Swimming Sets Correctly

triathletes swimming in the open water
January 24, 2010

Mike Ricci


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When swimming a particular workout, remember that every swim set has a distinct purpose. Swimming is different then biking or running in that you can hammer every day without tearing up you ligaments and joints. Since you don’t feel the same type of soreness as in running and biking, swimming leads many of us to think that we didn’t swim hard enough. Beware! Swimming hard hard every day eventually will wear you down and something is going to give; like your shoulder, back, or your motivation. Swim with a plan: Each time you get in the water the swim set should have a set purpose.

Drill Sets: The purpose of a drill session is practice technique and improve your efficiency. It’s NOT to see how fast you can swim a 100 yards while doing the finger tip drag drill.

Speed sets: These sets are designed to teach you how to become efficient at going fast and to break the habit of the same old pace that many of us swim day after day. These sets are NOT designed to see you swim 35 seconds for 50 yards and then swim 45 seconds for the rest. Pick a speed you can handle for the duration of the set. Typically, when I have a set of 10×50 yards, I start out at 40 seconds and work my way under 35. Not vice versa. Your fastest swim should be your last swim. Learn to swim fast when you are tired.

Endurance Sets: These sets are designed to create a nice big aerobic engine that will let you swim at race pace for as long as you need to. These sets include 200 yard, 500 yard and up repeats. You may have to swim a set of 3×500 yards. Just as when you are swimming the Speed Sets, swim your fastest repeat last. If you start out at 8:00 for your first 500, and then swim 8:30, and then 9:00 you just blew your whole workout. Remember swim your fastest repeat last.

The goal of any swim set, be it 50 yard sprints or 800 yard repeats, is to swim each repeat faster. The more you start incorporating this into your practices, the faster you will become.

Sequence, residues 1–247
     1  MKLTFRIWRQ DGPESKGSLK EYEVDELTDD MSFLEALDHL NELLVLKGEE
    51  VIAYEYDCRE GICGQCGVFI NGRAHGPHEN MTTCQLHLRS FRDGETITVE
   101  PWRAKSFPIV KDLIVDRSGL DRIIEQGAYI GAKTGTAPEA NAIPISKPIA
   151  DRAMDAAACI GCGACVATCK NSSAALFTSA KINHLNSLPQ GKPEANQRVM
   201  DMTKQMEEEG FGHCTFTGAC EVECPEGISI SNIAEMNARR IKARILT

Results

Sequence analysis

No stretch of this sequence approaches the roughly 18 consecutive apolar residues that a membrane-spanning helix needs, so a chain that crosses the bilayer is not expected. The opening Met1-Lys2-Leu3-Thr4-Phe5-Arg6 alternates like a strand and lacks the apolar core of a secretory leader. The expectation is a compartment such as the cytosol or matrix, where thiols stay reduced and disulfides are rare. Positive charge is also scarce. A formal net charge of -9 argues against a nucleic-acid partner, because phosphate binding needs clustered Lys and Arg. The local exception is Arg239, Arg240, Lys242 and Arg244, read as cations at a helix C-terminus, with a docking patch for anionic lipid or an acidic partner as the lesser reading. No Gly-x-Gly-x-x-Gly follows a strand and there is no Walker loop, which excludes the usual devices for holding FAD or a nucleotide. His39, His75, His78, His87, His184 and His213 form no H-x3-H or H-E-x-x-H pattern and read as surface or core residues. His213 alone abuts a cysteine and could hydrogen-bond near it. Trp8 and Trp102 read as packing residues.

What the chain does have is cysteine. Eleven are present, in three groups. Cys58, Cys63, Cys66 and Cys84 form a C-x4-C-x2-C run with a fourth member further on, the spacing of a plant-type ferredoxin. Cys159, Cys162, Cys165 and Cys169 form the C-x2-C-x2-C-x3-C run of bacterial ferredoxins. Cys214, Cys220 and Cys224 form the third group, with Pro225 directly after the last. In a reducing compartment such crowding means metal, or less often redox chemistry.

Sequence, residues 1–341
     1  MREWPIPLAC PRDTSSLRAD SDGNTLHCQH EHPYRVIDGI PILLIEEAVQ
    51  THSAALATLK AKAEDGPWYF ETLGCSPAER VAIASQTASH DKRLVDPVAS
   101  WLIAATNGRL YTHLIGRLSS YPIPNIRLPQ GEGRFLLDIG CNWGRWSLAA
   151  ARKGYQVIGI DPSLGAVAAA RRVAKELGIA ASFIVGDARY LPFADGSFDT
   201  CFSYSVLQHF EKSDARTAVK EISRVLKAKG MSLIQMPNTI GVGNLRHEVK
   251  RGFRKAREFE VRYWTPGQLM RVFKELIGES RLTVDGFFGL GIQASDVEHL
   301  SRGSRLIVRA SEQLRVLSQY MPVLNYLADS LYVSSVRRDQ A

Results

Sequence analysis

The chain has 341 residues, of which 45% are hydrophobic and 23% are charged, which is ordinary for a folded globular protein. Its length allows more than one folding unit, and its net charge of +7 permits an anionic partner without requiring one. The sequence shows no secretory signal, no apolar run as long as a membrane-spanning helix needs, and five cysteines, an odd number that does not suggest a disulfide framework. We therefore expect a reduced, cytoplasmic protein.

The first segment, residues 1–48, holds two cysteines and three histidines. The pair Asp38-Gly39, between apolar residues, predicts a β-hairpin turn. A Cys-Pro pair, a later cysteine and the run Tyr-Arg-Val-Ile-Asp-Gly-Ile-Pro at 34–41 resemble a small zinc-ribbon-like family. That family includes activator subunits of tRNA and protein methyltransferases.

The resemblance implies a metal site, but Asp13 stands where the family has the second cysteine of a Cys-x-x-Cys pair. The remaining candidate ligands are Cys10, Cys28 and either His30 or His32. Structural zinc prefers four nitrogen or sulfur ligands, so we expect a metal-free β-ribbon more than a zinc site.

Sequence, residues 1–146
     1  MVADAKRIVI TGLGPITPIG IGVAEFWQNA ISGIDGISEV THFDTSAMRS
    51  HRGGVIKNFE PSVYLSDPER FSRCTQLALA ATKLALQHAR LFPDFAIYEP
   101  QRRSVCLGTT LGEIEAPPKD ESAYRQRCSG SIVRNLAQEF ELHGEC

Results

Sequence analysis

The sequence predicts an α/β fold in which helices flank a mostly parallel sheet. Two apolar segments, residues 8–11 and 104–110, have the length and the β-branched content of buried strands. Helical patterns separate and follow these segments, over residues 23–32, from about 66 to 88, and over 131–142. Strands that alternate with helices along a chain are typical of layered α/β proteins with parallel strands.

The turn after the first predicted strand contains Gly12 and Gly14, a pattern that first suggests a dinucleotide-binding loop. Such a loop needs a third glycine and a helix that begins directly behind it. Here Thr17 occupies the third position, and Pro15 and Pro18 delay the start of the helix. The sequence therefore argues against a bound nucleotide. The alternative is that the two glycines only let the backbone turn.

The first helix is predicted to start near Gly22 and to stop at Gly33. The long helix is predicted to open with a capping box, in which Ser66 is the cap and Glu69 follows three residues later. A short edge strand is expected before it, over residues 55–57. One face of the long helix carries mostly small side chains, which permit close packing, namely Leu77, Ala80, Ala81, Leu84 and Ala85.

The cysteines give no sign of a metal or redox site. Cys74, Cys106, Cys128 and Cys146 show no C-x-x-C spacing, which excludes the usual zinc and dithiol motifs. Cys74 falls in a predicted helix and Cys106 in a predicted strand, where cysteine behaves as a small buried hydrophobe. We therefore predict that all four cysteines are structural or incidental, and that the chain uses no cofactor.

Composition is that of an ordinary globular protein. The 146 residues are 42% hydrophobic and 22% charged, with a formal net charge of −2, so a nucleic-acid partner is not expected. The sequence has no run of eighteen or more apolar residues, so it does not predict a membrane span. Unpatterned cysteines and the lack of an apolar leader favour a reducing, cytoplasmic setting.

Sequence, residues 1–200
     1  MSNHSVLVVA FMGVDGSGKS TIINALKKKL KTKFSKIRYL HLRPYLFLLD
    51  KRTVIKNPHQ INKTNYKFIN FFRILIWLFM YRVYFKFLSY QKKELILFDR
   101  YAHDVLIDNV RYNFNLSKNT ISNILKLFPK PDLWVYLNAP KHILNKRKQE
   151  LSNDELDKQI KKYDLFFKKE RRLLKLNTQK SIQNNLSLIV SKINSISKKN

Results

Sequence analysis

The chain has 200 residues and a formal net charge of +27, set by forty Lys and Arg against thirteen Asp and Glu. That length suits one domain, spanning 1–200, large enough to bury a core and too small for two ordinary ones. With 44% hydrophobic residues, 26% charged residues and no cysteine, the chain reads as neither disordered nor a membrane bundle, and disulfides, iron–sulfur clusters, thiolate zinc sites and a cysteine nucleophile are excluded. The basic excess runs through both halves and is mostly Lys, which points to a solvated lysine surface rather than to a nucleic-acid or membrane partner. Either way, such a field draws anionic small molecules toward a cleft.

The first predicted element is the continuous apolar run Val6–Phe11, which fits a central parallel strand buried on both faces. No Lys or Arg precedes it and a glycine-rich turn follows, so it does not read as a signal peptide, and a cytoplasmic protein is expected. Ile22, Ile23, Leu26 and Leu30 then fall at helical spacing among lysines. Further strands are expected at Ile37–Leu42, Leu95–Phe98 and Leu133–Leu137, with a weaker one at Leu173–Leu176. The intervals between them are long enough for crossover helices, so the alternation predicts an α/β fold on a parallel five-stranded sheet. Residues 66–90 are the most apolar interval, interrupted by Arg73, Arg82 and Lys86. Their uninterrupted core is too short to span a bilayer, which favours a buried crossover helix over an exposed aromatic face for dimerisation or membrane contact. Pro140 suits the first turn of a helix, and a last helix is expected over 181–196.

Summary: The point of this writing is to teach you to understand the important of pacing while in the pool. Take it out easy during the first few sets and repeats when you swim. As you warm up increase your pace and finish with your fastest sets being the ones you do toward the end of your workout. Do you ever wonder why people start out so fast in a race or in a workout only to fade in the middle or at the end? Well, proper pacing can help you avoid that! Practice the way you are going to race and it will all become second nature. You want to be the athlete doing the passing at the end of the race, not the one being passed! Start slow, and finish strong!

Coach Mike Ricci is the Founder and Head Coach for D3 Multisport.  His coaching style is ‘process-focused’ vs. ‘results-focused.’ When working with an athlete, their understanding of how and why they are improving is always going to take precedence over any race result. Yes, there is an end goal, but in over 2 decades of coaching, experience has shown him that if you do the right work, and for the right reasons, the results will follow.

Coach Mike is a USAT Level III Elite Certified Coach, Ironman University Certified Coach, and Training Peaks Level II Certified Coach. He was honored as the USAT Coach of the Year.

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